Robert Bickers, a superb (and superbly readable) historian of the British Empire in China, recently gave an interview to the Shanghaiist website about his newest book. That book—Getting Stuck In for Shanghai—tells the story of a group of British expatriates who sailed from Shanghai to England to join the army at the beginning of World War I, and if you want to learn more about it, you should read the interview. What especially caught my eye, though, was an exchange that pointed toward a more general topic:
I’m interested in the ways in which the Shanghai of the era you write about is similar to the Shanghai of today. Just like then, there is a large foreign expat community in Shanghai today, who are able to lead a social life that is very different from that of the Chinese in the city. Do you see any parallels? How are the foreigners living in Shanghai today similar or different from the ones in the 1910s?
There are plenty of superficial parallels to spot, but the underlying relationship is very different of course: foreign expats are subject to Chinese law, unlike their predecessors; and there are no French, or American or British gun boats moored in the Huangpu. That difference actually should make us think a little differently about the old world of Shanghai’s foreign communities: if we strip away all of the things that seem to be similar, what remains? That is the sort of question which interests the historians.
The ability to see—and to articulate—similarities and differences is so basically human it can be easy to take for granted. But precisely because this ability is so basically human—and, incidentally, because it can be so useful—it deserves attention. To mangle Chesterton, “If a thing is impossible not to do, it is worth doing better.” At the least, it is worth understanding better.
Aristotle, following Plato, appreciated the power and importance of our capacity for comparison and contrast. He taught that classifying and defining the things in the world is a necessary step toward understanding them. In broad terms (that I invite any Aristotelians or Thomists to correct in the comment section below), Aristotelian definitions include at least two parts. The first part involves comparison; the second, contrast. As Robin Smith puts it in the article “Aristotle’s Logic” in The Stanford Encyclopedia of Philosophy:
A species is defined by giving its genus [. . .] and its differentia [. . .]: the genus is the kind under which the species falls, and the differentia tells what characterizes the species within that genus. As an example, human might be defined as animal (the genus) having the capacity to reason (the differentia).
We do something like this, with a little less philosophical or scientific rigor, multiple times per day: Not only the journalist who compares Shanghai in 1914 and 2014, or the historian who hunts for the telling contrasts, but also the athlete practicing until the right technique becomes second nature; the lawyer analyzing helpful and harmful precedents; and the grocery shopper thumping produce, are all checking things or events against each other, alert to the similarities and differences between them.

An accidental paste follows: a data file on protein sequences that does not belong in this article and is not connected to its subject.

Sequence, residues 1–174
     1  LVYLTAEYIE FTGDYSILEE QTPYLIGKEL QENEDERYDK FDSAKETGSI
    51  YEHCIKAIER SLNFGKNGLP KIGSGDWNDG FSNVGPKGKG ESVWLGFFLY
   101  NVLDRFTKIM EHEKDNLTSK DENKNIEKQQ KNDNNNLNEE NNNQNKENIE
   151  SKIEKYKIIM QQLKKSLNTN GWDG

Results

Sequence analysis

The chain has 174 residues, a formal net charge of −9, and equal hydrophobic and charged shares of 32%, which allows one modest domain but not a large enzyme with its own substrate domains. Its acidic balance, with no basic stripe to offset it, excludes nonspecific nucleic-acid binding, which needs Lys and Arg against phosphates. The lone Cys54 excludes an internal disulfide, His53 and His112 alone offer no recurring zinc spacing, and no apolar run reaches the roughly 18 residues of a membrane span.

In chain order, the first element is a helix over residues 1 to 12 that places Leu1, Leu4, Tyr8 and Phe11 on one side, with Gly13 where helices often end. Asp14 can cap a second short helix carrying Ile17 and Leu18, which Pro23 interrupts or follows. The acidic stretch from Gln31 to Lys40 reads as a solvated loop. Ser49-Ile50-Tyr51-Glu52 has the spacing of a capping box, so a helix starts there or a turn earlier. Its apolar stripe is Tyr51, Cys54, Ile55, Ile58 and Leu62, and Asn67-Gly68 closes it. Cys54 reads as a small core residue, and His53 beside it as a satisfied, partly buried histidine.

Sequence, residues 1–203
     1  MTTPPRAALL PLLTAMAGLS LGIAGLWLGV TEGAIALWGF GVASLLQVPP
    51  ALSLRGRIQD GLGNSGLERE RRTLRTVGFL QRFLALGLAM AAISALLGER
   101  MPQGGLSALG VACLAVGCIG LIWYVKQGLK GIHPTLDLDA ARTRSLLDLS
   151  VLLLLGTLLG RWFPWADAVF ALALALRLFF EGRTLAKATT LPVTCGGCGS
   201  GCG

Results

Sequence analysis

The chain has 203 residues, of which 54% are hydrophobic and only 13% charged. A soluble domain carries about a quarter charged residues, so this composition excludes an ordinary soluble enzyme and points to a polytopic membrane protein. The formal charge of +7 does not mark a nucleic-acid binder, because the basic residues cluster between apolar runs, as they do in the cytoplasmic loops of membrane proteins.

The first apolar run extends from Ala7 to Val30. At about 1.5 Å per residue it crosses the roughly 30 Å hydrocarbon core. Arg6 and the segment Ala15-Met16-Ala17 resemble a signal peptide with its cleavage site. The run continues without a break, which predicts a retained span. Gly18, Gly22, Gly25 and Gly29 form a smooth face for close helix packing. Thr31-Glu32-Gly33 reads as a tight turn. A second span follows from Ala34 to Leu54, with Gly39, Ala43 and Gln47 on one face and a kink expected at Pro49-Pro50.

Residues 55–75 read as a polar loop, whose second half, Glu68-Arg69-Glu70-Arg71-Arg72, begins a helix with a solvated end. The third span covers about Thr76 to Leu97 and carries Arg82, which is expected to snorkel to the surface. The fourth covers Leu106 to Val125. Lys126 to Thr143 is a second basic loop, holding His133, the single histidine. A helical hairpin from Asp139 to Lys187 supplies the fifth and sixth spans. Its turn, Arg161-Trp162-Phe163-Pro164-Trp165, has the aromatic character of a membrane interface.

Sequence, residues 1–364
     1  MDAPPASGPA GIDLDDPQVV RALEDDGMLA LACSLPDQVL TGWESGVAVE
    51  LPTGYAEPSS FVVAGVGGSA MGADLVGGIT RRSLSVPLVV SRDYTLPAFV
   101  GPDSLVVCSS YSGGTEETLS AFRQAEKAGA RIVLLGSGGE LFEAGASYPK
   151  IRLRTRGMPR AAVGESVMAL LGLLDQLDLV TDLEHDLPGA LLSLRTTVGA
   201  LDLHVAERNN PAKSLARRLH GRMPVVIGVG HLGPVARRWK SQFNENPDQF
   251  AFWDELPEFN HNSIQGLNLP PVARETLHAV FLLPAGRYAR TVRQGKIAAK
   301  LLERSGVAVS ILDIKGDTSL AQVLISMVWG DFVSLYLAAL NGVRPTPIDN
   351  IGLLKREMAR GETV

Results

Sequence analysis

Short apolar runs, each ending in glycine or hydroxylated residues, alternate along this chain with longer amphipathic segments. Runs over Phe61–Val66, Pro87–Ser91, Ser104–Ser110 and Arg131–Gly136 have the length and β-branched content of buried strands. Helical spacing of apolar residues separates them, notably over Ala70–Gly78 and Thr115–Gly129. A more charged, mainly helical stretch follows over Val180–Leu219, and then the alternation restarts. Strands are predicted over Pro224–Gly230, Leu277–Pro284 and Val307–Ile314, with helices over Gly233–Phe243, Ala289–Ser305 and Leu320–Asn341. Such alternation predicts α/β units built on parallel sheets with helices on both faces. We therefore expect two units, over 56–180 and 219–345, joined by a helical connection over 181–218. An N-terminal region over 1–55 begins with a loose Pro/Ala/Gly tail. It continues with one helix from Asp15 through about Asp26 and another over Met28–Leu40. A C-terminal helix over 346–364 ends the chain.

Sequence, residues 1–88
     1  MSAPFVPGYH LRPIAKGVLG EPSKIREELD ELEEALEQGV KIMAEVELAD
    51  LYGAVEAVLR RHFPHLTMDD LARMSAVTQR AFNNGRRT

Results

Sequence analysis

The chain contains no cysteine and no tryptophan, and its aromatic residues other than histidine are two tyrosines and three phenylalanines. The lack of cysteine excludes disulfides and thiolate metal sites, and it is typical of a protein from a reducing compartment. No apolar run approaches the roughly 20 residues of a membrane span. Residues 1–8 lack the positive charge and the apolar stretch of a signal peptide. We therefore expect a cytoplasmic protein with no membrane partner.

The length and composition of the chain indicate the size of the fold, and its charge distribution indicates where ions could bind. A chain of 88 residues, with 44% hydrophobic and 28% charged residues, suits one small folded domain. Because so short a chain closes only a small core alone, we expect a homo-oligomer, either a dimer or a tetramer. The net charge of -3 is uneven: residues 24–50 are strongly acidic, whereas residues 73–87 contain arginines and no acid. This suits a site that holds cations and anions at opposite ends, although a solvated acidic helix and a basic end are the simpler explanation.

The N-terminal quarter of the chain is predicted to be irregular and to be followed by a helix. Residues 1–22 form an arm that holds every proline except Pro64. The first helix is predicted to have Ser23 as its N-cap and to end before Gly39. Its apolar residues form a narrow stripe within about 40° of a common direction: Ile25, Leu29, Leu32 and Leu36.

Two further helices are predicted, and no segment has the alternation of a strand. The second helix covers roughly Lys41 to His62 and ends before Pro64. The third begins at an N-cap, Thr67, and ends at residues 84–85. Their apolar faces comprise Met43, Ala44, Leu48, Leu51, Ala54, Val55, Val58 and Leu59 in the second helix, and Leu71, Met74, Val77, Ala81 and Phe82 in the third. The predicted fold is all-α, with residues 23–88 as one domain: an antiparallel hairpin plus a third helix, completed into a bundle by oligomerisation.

So, too, are engaged patrons of any art (and serious consumers of any form of entertainment!), who often (and, often, reflexively) compare and contrast—at the levels of deep themes and of surface details alike—the works they have taken in.
At his long-running blog Disputations, Tom Kreitzberg shows what can happen when an attentive reader of Scripture applies his natural ability for analogy and distinction to the inspired text. Mr. Kreitzberg considers the Gospel reading for this past Sunday (Roman Rite, Ordinary Form), the story of Jesus exorcizing the Caananite woman’s daughter, alongside the story of Jesus healing the centurion’s servant. Rather than try to “strip away” the stories’ similarities (the better to apprehend the differences between them), Kreitzberg here lines up the similarities between the two stories in order to “abstract out” a common insight they contain.†
Whether our thoughts are on matters sacred or profane, our minds can’t help but turn them into matter for comparisons and contrasts, analogies and distinctions. The sacred and the profane have that much, at least, in common.
* Prof. Bickers’ Shanghaiist interviewer, Yining Su, also interviewed Catholic cartoonist Gene Luen Yang about Yang’s recent–and heavily Catholic–graphic novel, Boxers and Saints. An earlier Yang book, The Eternal Smile: Three Stories, received a very positive review in the Mary Queen of Angels 2010 issue of Dappled Things.
†Hot prayer tip: Exploring analogies and distinctions among the various Mysteries can be an excellent method for meditating on the Rosary.
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John P. Liêm is a Lay Dominican with a J.D. that he tries to use for good, not evil.